US, Poland status of forces pact deepens military cooperation
The US, Poland status of forces pact signed Friday allows deployment of a missile defense system to go forward. An earlier proposal for a more robust missile system had drawn the ire of Russia.
The US and Poland have reached an agreement to station an American antimissile defense system on Polish soil two months after plans to install a more robust missile system in Poland and the Czech Republic were scrapped in the face of intense Russian opposition. But the close military cooperation between the US and Poland, including US troops in the country, means the deal is likely to remain a major concern for Russia.Skip to next paragraph
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The deployment, under a new Status of Forces Agreement reached between Poland and the US, calls for US troops to install and operate a mobile, land-based set of short- and medium-range missiles to defend against incoming attacks.
The equipment includes SM-3 IA missiles and a MIM-104 Patriot mobile missile battery. Both types of missile are designed to shoot down short- and medium-range ballistic missiles. The missiles could arrive in Poland as soon as the first quarter of 2010.
Though Russia is unhappy about the growing military ties between the US and former Warsaw Pact nations, the current plan is more modest than the earlier one, which included long-range missile interceptors. The missiles to be stationed in Poland will not have the capacity to be used offensively against Russia and aren’t capable of shooting down the long-range missiles in the Russian arsenal.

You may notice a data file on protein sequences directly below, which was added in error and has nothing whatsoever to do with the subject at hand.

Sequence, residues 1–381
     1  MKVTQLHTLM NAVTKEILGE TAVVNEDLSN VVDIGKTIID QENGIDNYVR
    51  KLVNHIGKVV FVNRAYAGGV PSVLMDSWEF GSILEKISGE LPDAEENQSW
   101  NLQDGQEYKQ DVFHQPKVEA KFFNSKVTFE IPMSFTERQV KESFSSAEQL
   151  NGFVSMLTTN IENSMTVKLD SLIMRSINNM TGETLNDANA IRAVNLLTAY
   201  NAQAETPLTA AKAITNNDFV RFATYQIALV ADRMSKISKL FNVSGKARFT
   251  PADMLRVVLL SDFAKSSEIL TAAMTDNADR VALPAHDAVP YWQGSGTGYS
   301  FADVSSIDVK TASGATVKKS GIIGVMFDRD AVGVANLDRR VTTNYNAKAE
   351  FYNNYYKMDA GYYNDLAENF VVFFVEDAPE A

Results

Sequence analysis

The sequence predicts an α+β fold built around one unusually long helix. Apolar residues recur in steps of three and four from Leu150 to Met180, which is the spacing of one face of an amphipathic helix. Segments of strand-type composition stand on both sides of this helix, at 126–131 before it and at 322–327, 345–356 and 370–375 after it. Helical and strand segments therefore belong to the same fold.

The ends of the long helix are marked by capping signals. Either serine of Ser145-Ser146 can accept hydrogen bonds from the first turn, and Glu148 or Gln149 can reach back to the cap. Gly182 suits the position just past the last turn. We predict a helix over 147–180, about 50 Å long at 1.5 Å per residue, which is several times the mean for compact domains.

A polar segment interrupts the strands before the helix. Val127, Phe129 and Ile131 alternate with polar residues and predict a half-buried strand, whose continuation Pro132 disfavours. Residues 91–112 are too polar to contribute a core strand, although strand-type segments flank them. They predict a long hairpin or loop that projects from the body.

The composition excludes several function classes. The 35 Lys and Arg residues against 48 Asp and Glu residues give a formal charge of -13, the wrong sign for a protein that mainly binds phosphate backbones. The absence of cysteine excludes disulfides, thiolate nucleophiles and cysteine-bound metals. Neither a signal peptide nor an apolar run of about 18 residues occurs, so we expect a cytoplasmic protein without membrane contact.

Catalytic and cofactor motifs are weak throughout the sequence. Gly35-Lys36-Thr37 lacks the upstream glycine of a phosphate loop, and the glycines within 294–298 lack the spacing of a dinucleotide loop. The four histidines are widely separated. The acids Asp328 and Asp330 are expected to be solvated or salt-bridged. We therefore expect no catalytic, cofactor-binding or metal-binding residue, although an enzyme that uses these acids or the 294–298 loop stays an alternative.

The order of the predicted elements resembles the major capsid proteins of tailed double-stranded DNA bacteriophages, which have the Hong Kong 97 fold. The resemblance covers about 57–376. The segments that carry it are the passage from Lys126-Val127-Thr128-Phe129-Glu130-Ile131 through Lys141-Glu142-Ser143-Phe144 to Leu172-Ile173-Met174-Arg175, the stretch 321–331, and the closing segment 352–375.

“This agreement constitutes a proof for the strong cooperation between our two nations,” said Ellen Tauscher, undersecretary of State for arms control and international security affairs. “I hope that it will become only stronger.”
The Polish news agency PAP quoted Polish Defense Minister Bogdan Klich as saying that “the SOFA deal should be ratified soon by the parliament,” which should “permit the US to meet the commitments it had undertaken last August.”
The minister was visibly referring to the Declaration on Strategic Cooperation that the Bush administration and the Polish government signed on Aug. 20, 2008. Under the pact, 10 Ground Based Interceptor (GBI) missiles would be put in a planned U.S Air Force base in northern Poland. The interceptors would be supplemented by a tracking radar in the Czech Republic.
This past September, when President Obama announced that the antimissile defense would be scrapped in favor of a ship-based system, plans for placing a Central Europe-based missile-defense shield were thought to be decisively cancelled. Eventually, the scheme re-emerged on Oct. 7, when Ms. Tauscher stated that Poland could host the SM-3 interceptors as part of a new defense system. A final understanding was reached in late November.